“Number, please.”

i-love-lucy-phone“Get off the phone.  I need to make a call.”

When I was small I would hear my grandmother yelling into the phone. “Get off the phone.  I need to use it.  You’ve been on the line too long.”

And sometimes the other woman would yell back, “Stop listening in on my call!”  It was just another argument with the woman who shared Gram’s phone line.  Yes, Gram had to share her phone line with one or two other people she didn’t know and had never seen; when they were using the phone Gram could not.  This was a party line and it caused lots of arguments. So why did people back then have a party line? Because a party line was much cheaper than a private line. If you’ve watched re-runs of “I Love Lucy,”  and who hasn’t, you’ve heard Lucy argue with the other party who won’t get off the line.  It’s funny and it works as a comedy bit, but it never could’ve really happened at that time.  Lucy was making her calls on the Eastside of Manhattan in the 1950s. New York City had abandoned the party-line in the 1930’s.  The party line certainly still existed in the surrounding areas, like Long Island where my Gram lived, but not in New York City.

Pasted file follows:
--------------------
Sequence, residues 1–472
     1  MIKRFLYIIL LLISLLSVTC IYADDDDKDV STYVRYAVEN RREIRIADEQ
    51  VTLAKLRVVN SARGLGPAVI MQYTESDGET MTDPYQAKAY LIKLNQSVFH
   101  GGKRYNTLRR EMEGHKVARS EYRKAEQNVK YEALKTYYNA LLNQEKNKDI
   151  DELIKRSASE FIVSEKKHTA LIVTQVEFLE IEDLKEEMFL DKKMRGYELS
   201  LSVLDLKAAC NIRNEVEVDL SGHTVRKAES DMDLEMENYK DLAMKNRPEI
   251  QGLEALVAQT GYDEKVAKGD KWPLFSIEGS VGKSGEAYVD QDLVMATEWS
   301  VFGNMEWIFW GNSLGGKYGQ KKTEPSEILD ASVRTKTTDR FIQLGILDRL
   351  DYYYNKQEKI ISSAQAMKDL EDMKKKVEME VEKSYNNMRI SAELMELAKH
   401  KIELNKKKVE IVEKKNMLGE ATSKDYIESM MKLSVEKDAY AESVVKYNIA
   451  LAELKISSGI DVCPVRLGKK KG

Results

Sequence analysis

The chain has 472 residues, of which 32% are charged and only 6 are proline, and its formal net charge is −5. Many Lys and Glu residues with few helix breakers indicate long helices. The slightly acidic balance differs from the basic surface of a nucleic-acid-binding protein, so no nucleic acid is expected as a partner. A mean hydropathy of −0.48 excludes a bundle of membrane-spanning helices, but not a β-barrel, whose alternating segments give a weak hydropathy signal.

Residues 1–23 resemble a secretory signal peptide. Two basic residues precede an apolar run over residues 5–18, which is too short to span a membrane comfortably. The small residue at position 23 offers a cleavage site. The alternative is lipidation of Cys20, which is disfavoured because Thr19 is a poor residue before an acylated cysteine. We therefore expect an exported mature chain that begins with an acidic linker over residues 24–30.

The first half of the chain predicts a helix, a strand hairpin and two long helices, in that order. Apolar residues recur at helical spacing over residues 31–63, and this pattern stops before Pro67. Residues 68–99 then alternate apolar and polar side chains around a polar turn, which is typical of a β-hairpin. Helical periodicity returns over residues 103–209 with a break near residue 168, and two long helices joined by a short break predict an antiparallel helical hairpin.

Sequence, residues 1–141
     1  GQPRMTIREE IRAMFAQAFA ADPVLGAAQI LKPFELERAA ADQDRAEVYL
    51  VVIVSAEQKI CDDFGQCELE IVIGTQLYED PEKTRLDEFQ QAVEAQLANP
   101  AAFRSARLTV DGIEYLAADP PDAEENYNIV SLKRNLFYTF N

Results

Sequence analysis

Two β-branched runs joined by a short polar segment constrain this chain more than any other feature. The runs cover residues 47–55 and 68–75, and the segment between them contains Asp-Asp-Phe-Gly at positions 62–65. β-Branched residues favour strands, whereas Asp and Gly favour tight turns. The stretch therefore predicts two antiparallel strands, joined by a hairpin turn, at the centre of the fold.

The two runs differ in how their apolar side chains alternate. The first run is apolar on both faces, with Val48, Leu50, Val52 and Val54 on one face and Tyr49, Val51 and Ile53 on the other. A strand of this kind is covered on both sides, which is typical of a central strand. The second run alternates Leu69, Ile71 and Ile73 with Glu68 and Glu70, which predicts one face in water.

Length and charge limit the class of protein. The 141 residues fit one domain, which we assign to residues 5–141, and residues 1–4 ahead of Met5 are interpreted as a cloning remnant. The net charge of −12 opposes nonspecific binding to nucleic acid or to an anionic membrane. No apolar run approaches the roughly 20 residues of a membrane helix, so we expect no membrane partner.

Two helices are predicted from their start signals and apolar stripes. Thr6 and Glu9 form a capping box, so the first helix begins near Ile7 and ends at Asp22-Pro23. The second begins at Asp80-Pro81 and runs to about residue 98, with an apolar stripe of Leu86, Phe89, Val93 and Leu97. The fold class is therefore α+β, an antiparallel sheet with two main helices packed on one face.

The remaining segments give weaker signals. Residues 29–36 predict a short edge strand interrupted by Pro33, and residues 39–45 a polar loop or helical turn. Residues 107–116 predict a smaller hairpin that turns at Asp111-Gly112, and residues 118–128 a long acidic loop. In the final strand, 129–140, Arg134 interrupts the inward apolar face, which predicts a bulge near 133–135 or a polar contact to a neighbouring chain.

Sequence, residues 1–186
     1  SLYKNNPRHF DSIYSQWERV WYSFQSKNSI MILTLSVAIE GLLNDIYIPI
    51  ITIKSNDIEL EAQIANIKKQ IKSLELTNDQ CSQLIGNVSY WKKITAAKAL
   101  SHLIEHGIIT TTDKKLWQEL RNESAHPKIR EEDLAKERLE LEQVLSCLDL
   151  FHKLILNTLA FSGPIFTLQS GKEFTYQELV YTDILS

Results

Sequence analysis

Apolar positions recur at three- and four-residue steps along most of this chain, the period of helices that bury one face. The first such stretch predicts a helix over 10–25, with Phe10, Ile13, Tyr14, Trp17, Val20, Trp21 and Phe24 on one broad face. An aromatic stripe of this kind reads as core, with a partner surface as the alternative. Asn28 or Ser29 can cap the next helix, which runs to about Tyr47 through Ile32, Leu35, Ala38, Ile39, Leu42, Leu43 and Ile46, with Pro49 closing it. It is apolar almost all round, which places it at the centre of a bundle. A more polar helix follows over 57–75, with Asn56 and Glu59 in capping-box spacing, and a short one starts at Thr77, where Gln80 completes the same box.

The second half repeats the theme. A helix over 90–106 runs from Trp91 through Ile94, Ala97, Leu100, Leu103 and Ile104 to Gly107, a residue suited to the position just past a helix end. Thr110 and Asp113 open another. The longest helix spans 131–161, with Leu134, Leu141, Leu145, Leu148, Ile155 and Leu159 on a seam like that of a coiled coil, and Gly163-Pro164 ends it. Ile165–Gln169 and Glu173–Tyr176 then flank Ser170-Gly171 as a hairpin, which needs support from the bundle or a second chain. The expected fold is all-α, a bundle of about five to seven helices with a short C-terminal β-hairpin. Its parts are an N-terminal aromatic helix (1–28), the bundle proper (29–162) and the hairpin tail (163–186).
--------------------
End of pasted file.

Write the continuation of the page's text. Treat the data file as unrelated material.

Despite Lucy’s party line calls being an anachronism, the show preserved a bit of our every day history.

What about your Grandma or  your Great Grandma? Share on this site.

3 Comments

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3 responses to ““Number, please.”

  1. Leslie MIddlebrook

    Vanda
    I adore I Love LUcy When a child I only heard about party lines but they were recent history at that point I would have loved to live in that era .The party line I guess was the old version of our chat rooms on the net

  2. Eileen lacy

    In Staten Island, we still had party lines well into the late 40s. I remember several instances of my mother arguing with people who shared our line. At one point we were linked with an Italian chicken market. People would call to order freshly-killed chicken and eggs. The owners of the market
    were Italian as were the customers. One day my aunt was trying to reach us and when a man answered with a thick accent, “Chicken Market,” for some reason she thought it was my father joking and said, “Let me speak to the head chicken, which led to a torrent of Italian confusion.

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